French President Napoleon III sympathized with Southerners because their aristocratic societal structure was similar to that of his own country. In an effort to influence the war peacefully, he attempted to facilitate the negotiation of an armistice with representatives from England, Russia, and the Confederacy. This plan did not succeed due to the lack of support from the Union and other European governments. Going against its policy of not directly interfering with the war, France took control of the Mexico in 1864.
Under Emperor Maximillian, they attempted to create a government that could aid the Confederacy. In return, the French hoped to gain some of its former American territories. This plan was ruined when Maximillian was captured in 1866 and the Union army defeated the remaining French occupants of Mexico. Russia In 1863, the Russians were in a struggle with the Poles, who were receiving aid from Britain and France. During this time, the Union was also dealing with French and British threats. The existence of a common enemy caused Tsar Alexander II and President Lincoln to reach an agreement for joint action.
Alexander agreed to send the Russian fleet to guard the coasts of New York and San Francisco. Historians believe that the tsar was motivated by his own interests. They speculate that he wanted to have his ships nearby in the event that Poland initiated a large scale war. Even if their motives were not what they seemed to be, the Russians were willing to actively combat the Confederates and proved themselves to be instrumental to Union success. When San Francisco was threatened by Southern war ships, the Russian fleet defended the city on their own without the help of Union forces.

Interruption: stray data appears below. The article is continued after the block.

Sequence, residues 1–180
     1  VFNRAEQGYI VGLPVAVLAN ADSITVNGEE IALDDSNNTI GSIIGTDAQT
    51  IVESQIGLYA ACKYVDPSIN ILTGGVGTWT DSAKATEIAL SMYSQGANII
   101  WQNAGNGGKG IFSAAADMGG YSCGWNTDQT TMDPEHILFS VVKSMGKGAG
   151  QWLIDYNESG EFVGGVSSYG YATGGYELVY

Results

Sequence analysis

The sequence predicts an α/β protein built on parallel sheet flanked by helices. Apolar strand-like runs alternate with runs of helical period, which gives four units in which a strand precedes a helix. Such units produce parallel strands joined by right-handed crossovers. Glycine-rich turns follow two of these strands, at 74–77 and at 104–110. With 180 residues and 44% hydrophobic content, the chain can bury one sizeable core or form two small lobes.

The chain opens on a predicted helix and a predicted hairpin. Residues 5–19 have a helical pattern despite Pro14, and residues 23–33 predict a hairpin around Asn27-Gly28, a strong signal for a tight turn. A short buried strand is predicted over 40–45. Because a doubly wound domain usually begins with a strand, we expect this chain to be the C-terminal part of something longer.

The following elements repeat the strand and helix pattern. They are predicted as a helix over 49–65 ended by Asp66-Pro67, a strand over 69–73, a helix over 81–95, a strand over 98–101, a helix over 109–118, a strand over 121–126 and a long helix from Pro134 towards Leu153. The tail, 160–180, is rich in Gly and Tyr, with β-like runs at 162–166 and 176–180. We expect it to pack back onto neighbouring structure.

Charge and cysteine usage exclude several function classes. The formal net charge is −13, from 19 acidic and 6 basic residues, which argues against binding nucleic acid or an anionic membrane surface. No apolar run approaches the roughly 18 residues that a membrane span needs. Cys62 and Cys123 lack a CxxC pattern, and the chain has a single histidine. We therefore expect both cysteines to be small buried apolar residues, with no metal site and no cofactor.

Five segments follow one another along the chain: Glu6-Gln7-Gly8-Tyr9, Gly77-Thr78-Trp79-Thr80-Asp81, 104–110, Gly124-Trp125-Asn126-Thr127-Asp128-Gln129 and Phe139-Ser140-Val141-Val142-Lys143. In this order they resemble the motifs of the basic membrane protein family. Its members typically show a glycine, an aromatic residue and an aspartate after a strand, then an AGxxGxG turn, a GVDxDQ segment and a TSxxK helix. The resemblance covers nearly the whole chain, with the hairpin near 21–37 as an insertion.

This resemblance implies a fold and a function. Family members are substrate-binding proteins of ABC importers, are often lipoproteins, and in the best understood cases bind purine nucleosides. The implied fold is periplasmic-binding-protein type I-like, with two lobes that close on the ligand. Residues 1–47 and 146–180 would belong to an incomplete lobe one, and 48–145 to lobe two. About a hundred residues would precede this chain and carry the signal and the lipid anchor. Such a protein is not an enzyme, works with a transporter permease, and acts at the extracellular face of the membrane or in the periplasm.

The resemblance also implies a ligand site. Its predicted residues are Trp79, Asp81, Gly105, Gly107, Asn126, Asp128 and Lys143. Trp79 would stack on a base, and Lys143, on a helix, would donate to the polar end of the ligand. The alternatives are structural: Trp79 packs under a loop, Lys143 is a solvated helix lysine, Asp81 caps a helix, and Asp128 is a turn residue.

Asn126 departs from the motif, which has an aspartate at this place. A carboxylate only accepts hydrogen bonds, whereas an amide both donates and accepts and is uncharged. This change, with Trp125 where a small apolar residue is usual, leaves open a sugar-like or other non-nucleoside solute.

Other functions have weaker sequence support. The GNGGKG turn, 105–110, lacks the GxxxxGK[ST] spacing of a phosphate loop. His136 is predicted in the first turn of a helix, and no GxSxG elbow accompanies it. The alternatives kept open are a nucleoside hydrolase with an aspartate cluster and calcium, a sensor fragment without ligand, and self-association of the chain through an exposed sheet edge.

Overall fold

The mere presence of the Russian fleet persuaded the British that the cost of getting involved in the war would be too high. It convinced them to cease the construction of ironclads for the Confederacy and discouraged them from showing any support to either side. Conclusion The Union victory at the end of the war sent a message to the world that the United States’ government was strong enough to overcome adversity. Once, the Union had regained its full strength, world powers were directly affected. Emperor Napoleon III was forced to end his plan to conquer Mexico.
The threat of the US trying to expand to the North pushed the Canadian provinces to form a united front and formally become one nation. Also, due to the reputation of the Union during the war, Secretary Seward was able to purchase Alaska from the Russian government. Lastly, the defeat of the South inspired a wave of international abolition. The Dutch, Spanish, and Brazilian governments took steps to abolish slavery in their territories. Ultimately, Union interactions with foreign powers during the Civil War set a precedent for all future diplomatic relations between the United States and the rest of the world.